President Donald Trump gave some ground on Monday to allow Joe Biden's transition to the presidency after the ranks grew of prominent Republicans calling for Trump to end efforts to overturn his election defeat. Twenty days after Election Day, most members of Trump's party still refused on Monday to refer to Biden as president-elect, or question Trump's insistence - without evidence - that he only lost on Nov. 3 because of fraud. Trump gave the go-ahead for federal funds to start flowing to Biden so that he can carry out his transition duties before his Jan. 20 inauguration as the 46th U.S. president.
A California attorney said Monday that a Kenosha County judge will allow him to appear in court on behalf of an Illinois 17-year-old accused of killing two people during a protest in Wisconsin. John Pierce, of Los Angeles, is not licensed to practice in Wisconsin and would need the court's permission to appear in court for Kyle Rittenhouse. Such requests are routinely granted, but Kenosha County Assistant District Attorney Jason Zapf has asked for a hearing on the matter “to address several issues.”
In the annals of great escapes, vaulting the barbed wire, heavily-surveilled fence that separates the mined no-man’s land between North and South Korea would surely feature strongly. According to the South Korean media this week, a defector who evaded security in one of the most dangerous border crossings of the world on November 3 was a former gymnast who managed to swing himself over the imposing barricades, reportedly without triggering key sensors. The authorities vowed to investigate why high-tech security systems did not work. “We will look into why the sensors did not ring and make sure they operate properly,” an official told Yonhap news agency. The man, reported to be wearing blue civilian clothes and in his twenties, later surrendered after a manhunt by the South Korean military units who discovered a breach of the fence. He was detained without incident just under a mile south of the fence and has asked for asylum.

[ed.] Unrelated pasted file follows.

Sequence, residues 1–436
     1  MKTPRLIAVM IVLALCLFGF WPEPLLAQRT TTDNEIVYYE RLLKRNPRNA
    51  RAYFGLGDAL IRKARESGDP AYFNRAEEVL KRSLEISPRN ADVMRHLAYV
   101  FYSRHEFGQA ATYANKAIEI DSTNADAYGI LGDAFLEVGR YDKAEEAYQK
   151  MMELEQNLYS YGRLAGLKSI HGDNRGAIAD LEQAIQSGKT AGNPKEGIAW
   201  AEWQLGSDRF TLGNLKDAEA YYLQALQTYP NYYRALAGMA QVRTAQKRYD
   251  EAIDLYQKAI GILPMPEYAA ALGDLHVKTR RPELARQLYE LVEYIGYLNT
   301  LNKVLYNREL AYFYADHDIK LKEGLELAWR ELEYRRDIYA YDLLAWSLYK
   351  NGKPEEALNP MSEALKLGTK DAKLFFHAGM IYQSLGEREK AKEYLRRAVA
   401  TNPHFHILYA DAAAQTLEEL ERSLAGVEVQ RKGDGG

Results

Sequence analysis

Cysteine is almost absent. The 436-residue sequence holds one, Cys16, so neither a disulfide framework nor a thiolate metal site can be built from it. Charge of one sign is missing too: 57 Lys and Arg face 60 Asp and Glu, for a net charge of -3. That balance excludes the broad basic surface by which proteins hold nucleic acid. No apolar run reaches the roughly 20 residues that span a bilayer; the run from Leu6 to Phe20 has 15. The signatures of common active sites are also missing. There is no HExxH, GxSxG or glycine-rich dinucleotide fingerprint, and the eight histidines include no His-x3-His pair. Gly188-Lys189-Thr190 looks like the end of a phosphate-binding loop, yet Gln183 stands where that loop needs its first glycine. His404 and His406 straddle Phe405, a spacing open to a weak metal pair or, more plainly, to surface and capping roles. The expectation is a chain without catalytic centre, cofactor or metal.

In the end, the president who roared like a lion went out with a whimper. Those who have followed him knew it would end this way, writes Washington Bureau Chief John T. Bennett
Japan and China agreed on Tuesday to restart coronavirus-hit business travel this month and to continue talks on disputed isles in the East China Sea, in the first high-level dialogue since Japan picked a new leader in September. The two-day visit to Tokyo by Chinese Foreign Minister Wang Yi comes amid growing concerns over Beijing's assertiveness in the region. Talks with Japanese counterpart Toshimitsu Motegi covered maritime tensions, trade and the pandemic response.
Israeli Prime Minister Benjamin Netanyahu on Tuesday phoned Jonathan Pollard, the former U.S. Navy analyst convicted of spying for Israel in the 1980s, telling him: “We’re waiting for you.” The U.S. Justice Department announced last Friday that Pollard had completed his parole, clearing the way for him to move to Israel 35 years after he was arrested. “You should have now a comfortable life where you can pursue, both of you can pursue your interests,” Netanyahu said in a conversation with Pollard and his wife Esther.